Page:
Berlin scenic

Source: Matt Mueller

Berlinale 2022 gets ready

International PR teams at the Berlinale are facing higher costs and scheduling complications as they juggle a shorter festival and less press and critics in town than usual. 

“While I’m quite happy with the festival shaving off a few days, that has meant there’s more of a crush over the opening weekend,” said Jonathan Rutter, director of film at London-based Premier PR, which is repping seven titles in Official Selection, including Ursula Meier’s The Line in Competition.

“We’ve had to bring in extra staff so that we can give each title the manpower it needs,” said Rutter which “ends up costing us more in flights, transfers and accommodation.”

For Silke Lehmann of Germany’s Greenhouse PR, a “tight” schedule for many press has meant they can’t “spontaneously” take on new films or assignments. Screeners are “the best option” for solving the crush,  she said - “if people can only watch films in festival screenings, it may get more difficult than ever.”

Matthew Sanders of PR firm International Rescue is making a 24-hour flying visit tomorrow (Friday) for Andrew Dominik’s This Much I Know To Be True – far shorter than the two weeks Sanders would typically spend in Berlin.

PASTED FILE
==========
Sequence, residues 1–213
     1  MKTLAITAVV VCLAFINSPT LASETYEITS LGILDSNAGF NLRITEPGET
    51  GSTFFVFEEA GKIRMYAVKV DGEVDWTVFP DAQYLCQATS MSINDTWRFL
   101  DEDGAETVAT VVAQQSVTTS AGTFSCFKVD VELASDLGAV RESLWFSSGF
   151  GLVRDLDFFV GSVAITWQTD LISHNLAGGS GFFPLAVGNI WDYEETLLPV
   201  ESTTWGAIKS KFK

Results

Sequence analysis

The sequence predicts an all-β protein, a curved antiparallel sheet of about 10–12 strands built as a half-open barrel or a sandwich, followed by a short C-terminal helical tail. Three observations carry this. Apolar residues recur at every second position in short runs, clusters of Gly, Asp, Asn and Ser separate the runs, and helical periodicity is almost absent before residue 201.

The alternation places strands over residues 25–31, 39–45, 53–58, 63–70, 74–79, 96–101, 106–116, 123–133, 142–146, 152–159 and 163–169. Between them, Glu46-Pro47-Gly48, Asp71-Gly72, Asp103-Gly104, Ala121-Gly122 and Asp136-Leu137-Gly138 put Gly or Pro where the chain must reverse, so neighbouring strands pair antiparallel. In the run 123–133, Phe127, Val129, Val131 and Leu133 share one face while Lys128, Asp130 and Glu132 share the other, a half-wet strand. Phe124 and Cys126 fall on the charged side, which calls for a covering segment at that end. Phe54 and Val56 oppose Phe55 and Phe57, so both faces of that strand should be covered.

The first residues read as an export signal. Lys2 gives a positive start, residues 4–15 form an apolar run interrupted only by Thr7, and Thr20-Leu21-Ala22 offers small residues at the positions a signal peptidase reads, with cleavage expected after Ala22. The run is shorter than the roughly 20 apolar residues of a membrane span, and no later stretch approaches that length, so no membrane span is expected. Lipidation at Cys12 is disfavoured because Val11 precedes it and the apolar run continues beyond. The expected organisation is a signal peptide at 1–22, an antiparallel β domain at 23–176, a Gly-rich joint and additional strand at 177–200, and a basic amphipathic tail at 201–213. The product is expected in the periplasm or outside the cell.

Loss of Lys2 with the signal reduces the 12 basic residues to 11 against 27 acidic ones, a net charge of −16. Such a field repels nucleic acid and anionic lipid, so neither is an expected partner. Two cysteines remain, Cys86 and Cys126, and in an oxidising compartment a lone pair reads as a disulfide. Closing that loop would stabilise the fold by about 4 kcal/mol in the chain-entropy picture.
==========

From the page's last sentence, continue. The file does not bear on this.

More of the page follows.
“The festival is what we’re doing beforehand as much as what we’ll now do on the ground,” said Sanders. “My interview schedule for Andrew is all done.” 

“The compressed festival definitely puts pressure on people,” said Michael Arnon of Berlin-based Wolf. He says his team is using experience at previous Covid-era festivals to develop a “more targeted, better organised” approach.

Rutter isn’t anticipating problems with getting talent in town and pointed out the festival takes over responsibility for talent Covid tests on the premiere day. But he is less impressed with some press conferences being scheduled for 19.30. “I hope we’re not going to be faced with empty rooms.”

Press coverage

Sylvia Müller, managing director of German PR specialists mm filmpresse, says a “shortening of cultural coverage” overall in the media has hurt the smaller films substantially. “Media interest is still on a high level, but with a tendency to focus on Competition and star-related titles,” said Müller. “It is getting even more difficult to create publicity for films in the side sections.”

Sanders noted the specific titles in Official Selection can also impact attendance numbers. “Berlin is not as star-studded as it used to be; if journalists don’t have the big names, they can’t sell their pieces.”